by Laura Foley
It’s raining and I have to go
buy lilies for my butterfly.
He’ll like the aroma of flowers
on a cold November day
since all the wild blooms have faded.
Octubre lives inside a screened-in cage,
because I couldn’t let him out
in last week’s snow, could I?
He seems content, his feet
sticky against the screen,
pleased to drink, when I uncurl his proboscis
with a toothpick,
dip it in honey water while he sucks
through his trunk-like tongue.
I say he because he has a particular marking
that means boy,
which is good for our family
of two lesbians, two bitches
(a Shepherd and a Lab),
and thirty thousand girl bees
who spent the whole autumn
dragging the hairy drones
out of the hive, killing them,
dumping the corpses in a heap out front.
I’m just saying, it’s good to have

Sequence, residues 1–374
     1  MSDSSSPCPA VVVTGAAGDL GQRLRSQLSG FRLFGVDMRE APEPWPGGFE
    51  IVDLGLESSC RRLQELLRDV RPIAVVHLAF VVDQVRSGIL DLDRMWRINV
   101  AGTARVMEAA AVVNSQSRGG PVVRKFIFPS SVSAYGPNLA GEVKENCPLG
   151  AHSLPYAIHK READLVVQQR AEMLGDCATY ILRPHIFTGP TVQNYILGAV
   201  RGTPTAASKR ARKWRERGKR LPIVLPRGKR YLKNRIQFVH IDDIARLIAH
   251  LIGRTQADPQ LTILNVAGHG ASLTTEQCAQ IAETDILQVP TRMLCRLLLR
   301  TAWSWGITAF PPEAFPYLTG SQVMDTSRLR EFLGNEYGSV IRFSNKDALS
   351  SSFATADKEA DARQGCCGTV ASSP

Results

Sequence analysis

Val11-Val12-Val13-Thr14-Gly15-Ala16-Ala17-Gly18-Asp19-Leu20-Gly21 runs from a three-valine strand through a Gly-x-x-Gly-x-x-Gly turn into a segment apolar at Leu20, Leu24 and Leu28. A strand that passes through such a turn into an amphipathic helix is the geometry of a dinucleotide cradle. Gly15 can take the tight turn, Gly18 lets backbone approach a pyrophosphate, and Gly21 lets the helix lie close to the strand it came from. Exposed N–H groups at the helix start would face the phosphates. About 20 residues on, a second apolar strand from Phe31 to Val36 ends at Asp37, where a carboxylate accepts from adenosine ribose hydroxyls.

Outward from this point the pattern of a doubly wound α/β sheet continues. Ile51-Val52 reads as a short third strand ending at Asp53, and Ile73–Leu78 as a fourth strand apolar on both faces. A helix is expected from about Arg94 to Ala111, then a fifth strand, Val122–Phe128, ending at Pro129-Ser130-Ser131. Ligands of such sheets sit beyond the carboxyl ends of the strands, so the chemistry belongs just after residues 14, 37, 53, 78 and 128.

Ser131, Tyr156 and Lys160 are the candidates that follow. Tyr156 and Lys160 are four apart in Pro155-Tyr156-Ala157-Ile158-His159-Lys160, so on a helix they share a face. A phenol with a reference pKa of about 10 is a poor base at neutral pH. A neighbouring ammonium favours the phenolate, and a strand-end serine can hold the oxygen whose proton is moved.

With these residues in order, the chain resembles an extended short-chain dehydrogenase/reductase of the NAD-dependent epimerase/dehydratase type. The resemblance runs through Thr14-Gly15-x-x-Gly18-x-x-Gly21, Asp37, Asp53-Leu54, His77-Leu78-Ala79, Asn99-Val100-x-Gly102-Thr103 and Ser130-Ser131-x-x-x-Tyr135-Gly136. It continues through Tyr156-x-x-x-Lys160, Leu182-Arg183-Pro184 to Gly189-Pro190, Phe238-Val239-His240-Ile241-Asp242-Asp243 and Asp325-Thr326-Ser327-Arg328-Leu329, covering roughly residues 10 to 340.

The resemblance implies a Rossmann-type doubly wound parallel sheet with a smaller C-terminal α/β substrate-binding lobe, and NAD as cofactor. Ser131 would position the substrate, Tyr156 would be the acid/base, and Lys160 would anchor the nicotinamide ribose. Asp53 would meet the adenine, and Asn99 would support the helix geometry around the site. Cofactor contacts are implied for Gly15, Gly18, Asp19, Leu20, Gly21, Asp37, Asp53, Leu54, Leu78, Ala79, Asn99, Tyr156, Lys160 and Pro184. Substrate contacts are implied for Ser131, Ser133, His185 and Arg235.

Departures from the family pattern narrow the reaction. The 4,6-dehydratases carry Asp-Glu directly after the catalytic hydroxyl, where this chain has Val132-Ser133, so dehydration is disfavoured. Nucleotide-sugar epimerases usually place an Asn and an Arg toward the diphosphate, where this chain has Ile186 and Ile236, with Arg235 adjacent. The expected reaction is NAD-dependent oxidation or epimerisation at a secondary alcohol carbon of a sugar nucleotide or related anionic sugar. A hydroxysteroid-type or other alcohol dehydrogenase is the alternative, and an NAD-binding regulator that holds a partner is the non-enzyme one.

a bit of masculine energy round here,
even if it’s just one Monarch
who hangs upside-down all day
and sometimes flutters his gorgeous wings.
Laura Foley’s seventh collection of poetry, Why I Never Finished My Dissertation, is due out in September 2019. Her work has won the Common Good Books poetry contest, the Joe Gouveia Outermost Poetry Contest, The Atlanta Review Grand Prize, Foreword Review Poetry Prize and others. A palliative care volunteer in hospitals, she lives with her wife and their two dogs among the hills of Vermont. www.lauradaviesfoley.com